Shhh! (Part 2)

The Turk grabs (what else?)  a catnap on a bit of furniture we bought from the previous owner of Rancho Pendejo. It won't last.

The Turk grabs (what else?) a catnap on a bit of furniture we bought from the previous owner of Rancho Pendejo. It won’t last.

Field Marshal Turkish von Turkenstein (commander, 1st Feline Home Defense Regiment) doesn’t know it yet, but his repose is about to be disturbed yet again.

The movers are supposed to show up with all our crap today, and you know what that means: the terrifying sounds of Unauthorized Personnel Operating Within the Perimeter.

Sigh. And we had just gotten back to what passes for normal around here, if your idea of “normal” includes a small satchel full of soiled clothes, no cooking/eating gear, and less furniture and electronica than one might find in the average Motel 6.

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17 Responses to “Shhh! (Part 2)”

  1. khal spencer Says:

    Ahhh, yes…..the total suckness of moving.

    • khal spencer Says:

      But the good news is that when the stuff arrives, there is no better feeling than unpacking those prized possessions. In my case, most of the bicycles and kitchen stuff as well as the stereo arrived two months after we did. The car got there late too and when I tried to start it at 7,000 feet, that’s when I found out the oxygen sensor didn’t work.

  2. Larry T. Says:

    For me the packing up is far worse than the unpacking. I’ll be doing my own hauling next week but only bikes and clothes. Eating stuff we don’t need, they have plenty here and they feed us well anyway as you can see below. Have fun PO’G!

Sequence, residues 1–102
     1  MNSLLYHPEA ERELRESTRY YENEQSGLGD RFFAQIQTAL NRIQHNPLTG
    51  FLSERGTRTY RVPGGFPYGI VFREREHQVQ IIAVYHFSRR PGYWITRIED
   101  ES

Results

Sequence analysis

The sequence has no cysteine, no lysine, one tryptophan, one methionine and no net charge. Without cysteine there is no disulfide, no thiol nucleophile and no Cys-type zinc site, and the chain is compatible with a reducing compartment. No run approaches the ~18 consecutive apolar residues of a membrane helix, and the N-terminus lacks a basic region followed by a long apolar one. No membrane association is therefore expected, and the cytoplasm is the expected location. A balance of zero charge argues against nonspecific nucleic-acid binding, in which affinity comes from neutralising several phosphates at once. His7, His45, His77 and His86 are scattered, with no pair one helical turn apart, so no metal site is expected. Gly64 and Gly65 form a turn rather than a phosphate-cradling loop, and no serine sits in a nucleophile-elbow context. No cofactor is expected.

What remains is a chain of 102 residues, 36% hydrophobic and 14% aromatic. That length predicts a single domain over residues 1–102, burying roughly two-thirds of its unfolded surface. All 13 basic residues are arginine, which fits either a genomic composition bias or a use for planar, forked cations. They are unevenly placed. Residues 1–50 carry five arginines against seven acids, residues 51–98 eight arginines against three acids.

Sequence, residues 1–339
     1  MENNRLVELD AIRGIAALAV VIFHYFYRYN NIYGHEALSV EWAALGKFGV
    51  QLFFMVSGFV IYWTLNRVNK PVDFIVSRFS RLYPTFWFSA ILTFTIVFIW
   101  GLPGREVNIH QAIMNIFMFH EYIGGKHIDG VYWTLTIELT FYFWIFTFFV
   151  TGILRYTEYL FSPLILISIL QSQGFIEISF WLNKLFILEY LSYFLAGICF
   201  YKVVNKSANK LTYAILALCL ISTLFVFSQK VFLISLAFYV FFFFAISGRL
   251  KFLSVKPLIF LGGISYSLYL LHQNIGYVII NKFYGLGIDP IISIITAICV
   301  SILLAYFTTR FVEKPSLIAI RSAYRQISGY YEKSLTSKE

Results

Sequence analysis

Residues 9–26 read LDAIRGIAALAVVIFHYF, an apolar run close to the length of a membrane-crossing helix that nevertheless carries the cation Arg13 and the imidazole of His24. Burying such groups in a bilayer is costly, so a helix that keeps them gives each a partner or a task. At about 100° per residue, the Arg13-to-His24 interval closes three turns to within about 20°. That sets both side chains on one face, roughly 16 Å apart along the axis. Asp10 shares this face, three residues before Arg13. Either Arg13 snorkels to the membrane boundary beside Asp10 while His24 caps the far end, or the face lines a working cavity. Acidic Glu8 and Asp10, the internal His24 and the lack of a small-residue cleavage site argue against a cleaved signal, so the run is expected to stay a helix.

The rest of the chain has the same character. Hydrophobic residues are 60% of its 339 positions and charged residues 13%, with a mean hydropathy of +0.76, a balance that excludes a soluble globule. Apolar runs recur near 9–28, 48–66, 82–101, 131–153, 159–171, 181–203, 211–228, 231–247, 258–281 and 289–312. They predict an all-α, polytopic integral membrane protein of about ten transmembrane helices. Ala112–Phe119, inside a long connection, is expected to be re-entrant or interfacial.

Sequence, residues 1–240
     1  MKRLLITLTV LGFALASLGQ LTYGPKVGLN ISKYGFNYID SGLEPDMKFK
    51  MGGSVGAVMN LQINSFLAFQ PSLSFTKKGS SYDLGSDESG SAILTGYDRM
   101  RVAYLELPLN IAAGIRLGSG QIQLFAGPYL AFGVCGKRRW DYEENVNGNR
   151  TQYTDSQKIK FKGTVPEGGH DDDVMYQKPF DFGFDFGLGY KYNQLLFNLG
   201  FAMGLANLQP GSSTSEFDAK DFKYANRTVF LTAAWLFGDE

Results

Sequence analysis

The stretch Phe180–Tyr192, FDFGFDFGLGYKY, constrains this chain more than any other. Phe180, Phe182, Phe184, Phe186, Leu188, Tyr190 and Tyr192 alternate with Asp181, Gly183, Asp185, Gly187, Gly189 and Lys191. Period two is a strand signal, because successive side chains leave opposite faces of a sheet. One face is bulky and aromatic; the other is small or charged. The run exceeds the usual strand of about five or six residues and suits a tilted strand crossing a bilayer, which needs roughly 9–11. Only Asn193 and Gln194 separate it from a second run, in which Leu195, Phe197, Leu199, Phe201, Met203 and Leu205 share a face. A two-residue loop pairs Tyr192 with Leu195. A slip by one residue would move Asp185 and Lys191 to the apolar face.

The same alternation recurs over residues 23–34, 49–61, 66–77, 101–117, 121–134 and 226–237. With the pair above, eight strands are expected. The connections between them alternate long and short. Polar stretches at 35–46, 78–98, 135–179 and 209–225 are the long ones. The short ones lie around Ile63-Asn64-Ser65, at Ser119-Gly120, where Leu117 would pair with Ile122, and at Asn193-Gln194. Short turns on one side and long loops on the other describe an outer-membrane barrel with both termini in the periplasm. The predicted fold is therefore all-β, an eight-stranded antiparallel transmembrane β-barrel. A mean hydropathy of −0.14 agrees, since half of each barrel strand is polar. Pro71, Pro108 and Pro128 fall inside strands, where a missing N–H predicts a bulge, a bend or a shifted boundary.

• Libby Says:

      Re: the link. Interesting project. Another level of community for your residency at the Academy.

    • Pat O'Brien Says:

      Any other cyclists there? Are there some you met earlier from Cycle Italia? Living high on the hog, for a little while anyway. Enjoy!

      • Larry T. Says:

        Nobody with a lot of interest in cycling here. I watched the World’s alone. The wife’s having a tough time recruiting people to play soccer…other than a couple of runners, this population is pretty nerdy, but when you figure everyone here is at the top of their respective field, PhD’s are kind of like diplomas from kindergarten….I’m breathing some seriously rarefied academic air here! I have been asked to do a presentation on “what I do” which is going to look pretty pedestrian compared to the projects these brainiacs are working on, but I’ll give it a go anyway. Tomorrow I take the test to drive the Academy’s van, figuring I might drive some of these folks around on short excursions – I can contribute something at least!

      • Pat O'Brien Says:

        Larry, I think what you do is not only very interesting, but damn unique! You will knock them over, and probably get many questions. Rarefied air probably has made them want some easy breathing and a different subject. Hell, sign up the ambassador. The good old USA certainly wouldn’t assign someone who doesn’t ride to Italy, would we?